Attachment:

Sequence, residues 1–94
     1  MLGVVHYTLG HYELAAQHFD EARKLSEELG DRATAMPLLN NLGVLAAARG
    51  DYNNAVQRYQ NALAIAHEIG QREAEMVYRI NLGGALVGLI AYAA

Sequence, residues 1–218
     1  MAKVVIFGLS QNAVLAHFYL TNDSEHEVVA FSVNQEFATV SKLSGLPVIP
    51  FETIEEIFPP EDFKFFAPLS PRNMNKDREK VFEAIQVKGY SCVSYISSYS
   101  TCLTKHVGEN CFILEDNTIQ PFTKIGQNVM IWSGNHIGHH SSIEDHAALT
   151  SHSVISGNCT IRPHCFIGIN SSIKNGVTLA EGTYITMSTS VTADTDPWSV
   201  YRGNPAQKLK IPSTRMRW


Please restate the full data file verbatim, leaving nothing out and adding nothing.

Sequence, residues 1–94
     1  MLGVVHYTLG HYELAAQHFD EARKLSEELG DRATAMPLLN NLGVLAAARG
    51  DYNNAVQRYQ NALAIAHEIG QREAEMVYRI NLGGALVGLI AYAA

Sequence, residues 1–218
     1  MAKVVIFGLS QNAVLAHFYL TNDSEHEVVA FSVNQEFATV SKLSGLPVIP
    51  FETIEEIFPP EDFKFFAPLS PRNMNKDREK VFEAIQVKGY SCVSYISSYS
   101  TCLTKHVGEN CFILEDNTIQ PFTKIGQNVM IWSGNHIGHH SSIEDHAALT
   151  SHSVISGNCT IRPHCFIGIN SSIKNGVTLA EGTYITMSTS VTADTDPWSV
   201  YRGNPAQKLK IPSTRMRW